Of course, this is not an exhaustive list of perils a general liability insurance policy will cover, and some conditions may result in a particular peril not being covered. It's always best to talk to your agent in-depth about the specifics of your policy to avoid blind spots in coverage.
On average, virtual tour businesses in America spend between $500 - $1,100 per year for $1 million in general liability coverage.
Check out the chart below for a snapshot of average CGL expenditure across a variety of industries:
Several factors will determine the price of your policy. These include your:
- Number of employees
- Per-occurrence limit
- General aggregate limit
You may be able to acquire general liability insurance at a discounted rate by purchasing it as part of a business owner's policy (BOP) rather than as a standalone policy. A BOP is a more comprehensive solution that includes multiple forms of coverage, such as business interruption and property insurance.
While general liability is the most important type of insurance to have, there are several other forms of coverage you should be aware of. Below are some other types of insurance all virtual tour businesses should obtain:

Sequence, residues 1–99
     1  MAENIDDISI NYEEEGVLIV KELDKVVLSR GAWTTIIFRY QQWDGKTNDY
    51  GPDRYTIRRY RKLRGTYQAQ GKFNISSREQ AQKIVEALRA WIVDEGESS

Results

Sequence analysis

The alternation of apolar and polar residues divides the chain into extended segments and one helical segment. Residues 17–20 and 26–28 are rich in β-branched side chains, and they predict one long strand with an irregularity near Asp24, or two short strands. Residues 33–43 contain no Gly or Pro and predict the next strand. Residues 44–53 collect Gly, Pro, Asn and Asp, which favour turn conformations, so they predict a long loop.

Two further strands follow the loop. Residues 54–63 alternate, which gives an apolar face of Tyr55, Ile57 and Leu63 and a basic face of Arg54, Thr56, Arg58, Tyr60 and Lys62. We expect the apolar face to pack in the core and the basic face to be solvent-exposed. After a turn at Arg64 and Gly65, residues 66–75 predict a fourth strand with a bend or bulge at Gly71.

Commercial Property Insurance
If you own your virtual tour office, this insurance covers the grounds, structure, and any equipment you own. Your editing equipment is a major investment for your company, and this insurance protects it in events such as natural disasters, theft, and fires.
Workers’ Compensation Insurance
Workers’ compensation insurance covers all employees in your organization, whether they work four hours or forty hours per week. It applies to staff who work in formal office space as well as employees who work from home. This insurance covers sudden accidents, such as a broken leg, or injuries that develop over time, such as chronic shoulder pain from hunching over an editing table.